My Bill of Grief Rights
These are my bill of rights that I have created for myself, to empower me through my grief journey.
I have the right to be angry at those who have turned their backs on me at my time of need.
I have the right to cast aside all those who choose words or actions that cause me more harm and pain, and look for others who bring me words of peace.
I have a right to feel sadness, anger, pain, numbness, denial, pleasure, and happiness. I have a right to feel all of these arrays of emotions in a single day, single hour, and single minute and single millisecond.
I have a right to feel like I am crazy, on the verge of insanity, without the fear that others feel I need to be committed.
I have the right to have self-pity and wallow in it when I need to.
I have the right to feel intense fear, loneliness, and isolation, and not feel ashamed of it. I have the right to feel the need to reach out to others, as I am weak, not because that is who I am, but because my loss has weakened me.
I have a right to feel great anger, and scream out and curse God, and all those around me for taking away the man I loved.
I have a right to feel cheated and resentful that my dreams, my hopes, and my plans have been ripped away from me.
I have a right to feel guilty for all the things I didn’t do or say to the man I loved; for all the things I said or did that may have caused him pain. I have the right to feel regrets for all the unfinished business that I will never be able to complete.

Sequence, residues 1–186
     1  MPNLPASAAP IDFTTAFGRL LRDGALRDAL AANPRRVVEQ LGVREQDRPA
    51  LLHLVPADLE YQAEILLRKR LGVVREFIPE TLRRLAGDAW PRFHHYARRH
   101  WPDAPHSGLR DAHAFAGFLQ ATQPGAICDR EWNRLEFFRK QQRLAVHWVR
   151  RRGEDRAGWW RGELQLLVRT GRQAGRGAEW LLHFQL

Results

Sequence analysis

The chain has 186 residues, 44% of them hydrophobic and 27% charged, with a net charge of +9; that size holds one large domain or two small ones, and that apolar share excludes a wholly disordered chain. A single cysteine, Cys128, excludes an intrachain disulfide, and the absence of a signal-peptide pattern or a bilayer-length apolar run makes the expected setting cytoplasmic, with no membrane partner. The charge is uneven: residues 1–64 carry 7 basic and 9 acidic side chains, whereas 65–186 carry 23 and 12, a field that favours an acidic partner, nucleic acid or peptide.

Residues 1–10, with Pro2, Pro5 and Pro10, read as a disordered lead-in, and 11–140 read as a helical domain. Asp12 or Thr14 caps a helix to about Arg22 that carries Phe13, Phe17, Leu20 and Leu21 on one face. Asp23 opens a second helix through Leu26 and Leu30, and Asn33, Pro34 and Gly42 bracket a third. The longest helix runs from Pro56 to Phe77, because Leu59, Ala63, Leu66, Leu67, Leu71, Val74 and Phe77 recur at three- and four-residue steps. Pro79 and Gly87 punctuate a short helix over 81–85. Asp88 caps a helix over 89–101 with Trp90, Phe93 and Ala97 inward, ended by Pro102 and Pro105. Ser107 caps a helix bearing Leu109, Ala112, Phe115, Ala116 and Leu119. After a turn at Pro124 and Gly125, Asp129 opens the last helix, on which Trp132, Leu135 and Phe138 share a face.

I have the right to want to talk about the man I loved, over and over and over again. I have the right to not want to let go of the memories or the hope that he will come back to me again, no matter how insane this thought is.
I have a right to tell others of the goodness in this man, and also his flaws; for the times he made me happy, made me sad or angry…he was human, and all that he was, good and bad, is what made me love him. I have the right to not be looked down upon because we didn’t have “the perfect” relationship, or because at times, even in his death, I may speak words of anger of him. I will not place him on a pedestal, or make him into a saint….he wasn’t one, and neither was I…and I don’t believe there is anyone out there who is. He was just a man that I loved deeply, for all that he was. And he was a man, who loved me, for all the good and bad that I was.
I have the right to want to seek out others who understand me, so that I don’t feel so alone or isolated.
I have the right to long for him, to miss him, to ache at his absence.
I have the right to feel at times that death may be better than life.
I have the right to avoid the intense pain at times, just to have some relief.
I have the right to want to live and go on, and hope and search for that light at the end of the tunnel.
I have the right to see the world in my gray colored glasses, and know that nothing brings me joy right now.
I have the right to not care what others “think” about me, or what others “think” I should be doing.
I have the right to not have others define for me my pain, my sorrow, my feelings.
I have the right to want to be happy again one day, but only when I’m ready.
I have a right to keep him in my heart forever…never letting go of the life we had, the memories we shared, the impact he has made on my life. I am forever changed by having loved him and now by having lost him.
I have the right to make this MY PERSONAL JOURNEY, unique to only myself and no one else, and to know that I have the right to travel it for as long as the road takes, for however length of time it will take me, until I am able to find a place where the desire to live out weights the desire to die.
In loving memory to the man I loved, Robert
Loving you always, Diana